St. Brigid is a 5th century Irish Saint. And a Celtic fire goddess. How Christianity is interwoven with Celtic mythology is something that can only be sensibly discussed in an Irish pub! Indeed, the celebration of imbolg, about halfway between the winter solstice & the spring equinox, goes back even further. Through the times of the mythological Tuatha Dé Danann & probably further, all the way back to neolithic times. But whatever the origins, February 1st is celebrated as both imbolg & Lá Fhéile Bríde, St. Brigid’s Day.
Neighbours passing by our Canadian homes over the years have been treated to occasional displays of (mostly unrecognizable to them) flags of Irish counties, green lights on Paddy’s Day, & other traditional oddities. Nothing, though, is as strange as seeing scarves tossed onto winter-stripped shrubs at the end of January!
While we are usually still white & frozen at this time of year in Canada, in Ireland, spring is imminent. Crocuses & snowdrops have been blooming in January. And, this year, I’ve already seen pics of bright yellow narcissus blooms on the social media pages of my Irish friends. Though, sometimes, I feel like they’re growing them indoors & sharing pics with the sole purpose of irritating me! 😜
So what’s with the scarves on the bushes?
Brigid, the saint & the goddess both, have a large portfolio of responsibilities. She is the patron saint of farmers, milkmaids, blacksmiths, fisher folk, mariners, children, poets, & Lord knows what else. She stands, side by side, as a patron saint of Ireland, with her contemporary, St. Patrick. Known for her kindness & charity, Brigid is also famous for turning water into an endless supply of beer! Funny enough, she is not one of the patron saints of beer. Go figure!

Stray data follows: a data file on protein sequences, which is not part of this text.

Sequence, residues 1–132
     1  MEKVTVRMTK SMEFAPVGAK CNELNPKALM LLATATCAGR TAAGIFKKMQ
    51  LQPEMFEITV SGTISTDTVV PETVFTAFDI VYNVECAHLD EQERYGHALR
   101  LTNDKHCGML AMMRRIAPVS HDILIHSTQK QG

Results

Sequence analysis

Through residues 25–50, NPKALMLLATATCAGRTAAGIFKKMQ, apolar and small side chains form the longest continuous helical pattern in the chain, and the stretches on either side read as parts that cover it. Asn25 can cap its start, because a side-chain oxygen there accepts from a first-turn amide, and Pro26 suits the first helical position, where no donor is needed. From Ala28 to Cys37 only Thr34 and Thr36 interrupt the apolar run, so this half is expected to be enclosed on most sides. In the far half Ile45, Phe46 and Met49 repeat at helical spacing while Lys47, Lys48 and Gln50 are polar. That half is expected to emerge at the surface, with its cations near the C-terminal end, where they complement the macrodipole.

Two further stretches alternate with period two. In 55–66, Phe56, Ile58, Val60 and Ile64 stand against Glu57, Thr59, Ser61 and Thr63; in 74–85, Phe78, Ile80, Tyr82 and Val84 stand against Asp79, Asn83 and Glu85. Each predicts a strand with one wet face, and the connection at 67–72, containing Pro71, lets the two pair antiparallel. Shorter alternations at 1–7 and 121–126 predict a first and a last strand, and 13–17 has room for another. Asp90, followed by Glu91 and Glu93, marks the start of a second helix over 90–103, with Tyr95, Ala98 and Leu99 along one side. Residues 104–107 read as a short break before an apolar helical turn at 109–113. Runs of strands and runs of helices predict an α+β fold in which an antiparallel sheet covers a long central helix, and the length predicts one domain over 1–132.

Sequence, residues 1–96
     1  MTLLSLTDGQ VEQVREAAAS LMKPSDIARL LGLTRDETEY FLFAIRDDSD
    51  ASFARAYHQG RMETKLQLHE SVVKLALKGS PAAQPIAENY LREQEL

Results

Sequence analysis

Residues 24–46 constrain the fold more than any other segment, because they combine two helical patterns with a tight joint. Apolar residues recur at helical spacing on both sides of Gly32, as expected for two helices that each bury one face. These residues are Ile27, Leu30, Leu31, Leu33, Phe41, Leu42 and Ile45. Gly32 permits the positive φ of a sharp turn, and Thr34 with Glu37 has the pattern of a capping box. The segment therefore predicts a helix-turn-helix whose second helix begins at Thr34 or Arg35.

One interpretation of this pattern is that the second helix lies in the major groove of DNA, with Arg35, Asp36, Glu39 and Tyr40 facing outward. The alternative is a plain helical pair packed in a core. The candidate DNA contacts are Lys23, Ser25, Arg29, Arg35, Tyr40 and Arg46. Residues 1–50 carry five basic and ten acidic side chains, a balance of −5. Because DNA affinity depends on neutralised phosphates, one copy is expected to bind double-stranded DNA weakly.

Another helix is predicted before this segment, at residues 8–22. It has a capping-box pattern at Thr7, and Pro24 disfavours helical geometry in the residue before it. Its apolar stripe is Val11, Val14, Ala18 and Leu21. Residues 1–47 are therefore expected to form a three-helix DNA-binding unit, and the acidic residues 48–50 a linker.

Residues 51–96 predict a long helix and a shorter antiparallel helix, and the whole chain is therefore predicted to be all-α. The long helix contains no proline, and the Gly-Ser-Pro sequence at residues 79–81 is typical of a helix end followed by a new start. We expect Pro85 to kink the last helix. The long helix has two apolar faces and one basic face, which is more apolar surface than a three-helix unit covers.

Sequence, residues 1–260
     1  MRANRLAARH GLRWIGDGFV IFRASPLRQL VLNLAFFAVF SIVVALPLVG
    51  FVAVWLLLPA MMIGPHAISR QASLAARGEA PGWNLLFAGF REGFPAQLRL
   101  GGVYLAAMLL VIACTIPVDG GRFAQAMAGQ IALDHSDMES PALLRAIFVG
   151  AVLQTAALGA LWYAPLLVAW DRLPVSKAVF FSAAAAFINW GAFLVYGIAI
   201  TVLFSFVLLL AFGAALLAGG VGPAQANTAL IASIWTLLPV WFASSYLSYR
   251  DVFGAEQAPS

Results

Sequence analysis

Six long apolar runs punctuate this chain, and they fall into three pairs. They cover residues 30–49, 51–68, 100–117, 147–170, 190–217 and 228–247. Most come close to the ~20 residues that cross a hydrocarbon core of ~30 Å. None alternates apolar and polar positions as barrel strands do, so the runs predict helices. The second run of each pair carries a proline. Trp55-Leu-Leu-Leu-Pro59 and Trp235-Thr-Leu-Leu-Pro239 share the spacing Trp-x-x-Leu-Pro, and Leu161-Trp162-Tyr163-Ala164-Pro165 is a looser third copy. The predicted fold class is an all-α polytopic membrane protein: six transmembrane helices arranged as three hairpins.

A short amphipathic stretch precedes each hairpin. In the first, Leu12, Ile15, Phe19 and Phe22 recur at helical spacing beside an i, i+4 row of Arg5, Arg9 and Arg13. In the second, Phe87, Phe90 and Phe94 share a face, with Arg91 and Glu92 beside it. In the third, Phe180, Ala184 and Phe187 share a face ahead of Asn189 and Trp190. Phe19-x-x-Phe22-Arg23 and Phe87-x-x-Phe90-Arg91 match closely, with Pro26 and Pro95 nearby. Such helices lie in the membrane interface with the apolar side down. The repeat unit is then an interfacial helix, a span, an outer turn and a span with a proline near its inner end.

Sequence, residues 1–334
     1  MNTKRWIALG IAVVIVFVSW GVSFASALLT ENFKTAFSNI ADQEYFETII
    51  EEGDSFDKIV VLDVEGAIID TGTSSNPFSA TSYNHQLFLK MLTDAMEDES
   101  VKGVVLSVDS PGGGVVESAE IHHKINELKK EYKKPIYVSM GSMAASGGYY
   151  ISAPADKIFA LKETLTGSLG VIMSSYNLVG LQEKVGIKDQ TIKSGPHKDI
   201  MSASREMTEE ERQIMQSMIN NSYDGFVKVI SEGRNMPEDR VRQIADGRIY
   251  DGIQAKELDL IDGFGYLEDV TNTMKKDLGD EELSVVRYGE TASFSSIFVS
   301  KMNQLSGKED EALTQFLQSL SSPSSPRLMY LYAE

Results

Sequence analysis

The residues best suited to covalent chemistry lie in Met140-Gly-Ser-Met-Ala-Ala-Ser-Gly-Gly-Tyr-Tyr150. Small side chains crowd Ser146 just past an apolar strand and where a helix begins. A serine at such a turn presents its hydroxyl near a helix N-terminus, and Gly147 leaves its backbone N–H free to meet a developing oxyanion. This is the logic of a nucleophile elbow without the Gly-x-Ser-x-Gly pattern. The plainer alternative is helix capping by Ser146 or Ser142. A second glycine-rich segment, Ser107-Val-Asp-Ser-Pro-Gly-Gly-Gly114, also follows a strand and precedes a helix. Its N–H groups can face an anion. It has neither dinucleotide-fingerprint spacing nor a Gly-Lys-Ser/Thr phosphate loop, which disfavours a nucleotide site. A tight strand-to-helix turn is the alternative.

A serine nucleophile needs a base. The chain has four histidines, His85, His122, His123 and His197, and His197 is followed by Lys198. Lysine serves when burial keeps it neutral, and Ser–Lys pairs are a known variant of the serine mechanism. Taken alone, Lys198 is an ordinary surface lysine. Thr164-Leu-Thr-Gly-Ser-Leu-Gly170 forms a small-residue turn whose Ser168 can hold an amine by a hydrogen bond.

Again, what is the thing about the scarves?
If you toss a ribbon or scarf out on a bush on the eve of St. Brigid’s Day, it’s said she passes by overnight to bless the cloths. These will then protect you for the next year. And they are reputed to cure ailments, like headaches, pains, & other afflictions! Probably worth a shot, if you are so afflicted.
Hey, if nothing else, especially during these pandemic times, it makes for a great interactive story opportunity for the kids. But, even for us adults, what’s the harm in having a scarf round our neck that’s been naturally freshened outside overnight! 😁
If you have covid-confined kids that you’d like to entertain, try making a St. Brigid’s cross. You’ll find plenty of simple instructions online. If you can’t find any reeds growing around your garden at this time of year, try plastic drinking straws, craft pipe cleaners, or cut strips of card stock. Very entertaining & a great time consumer for kids. That’ll be St. Brigid protecting your sanity during covid too. And I pray those refreshed scarves will keep us all safe ’til we’re vaccinated!
Stay safe out there & …
Happy St. Brigid’s Day! ☘️☘️☘️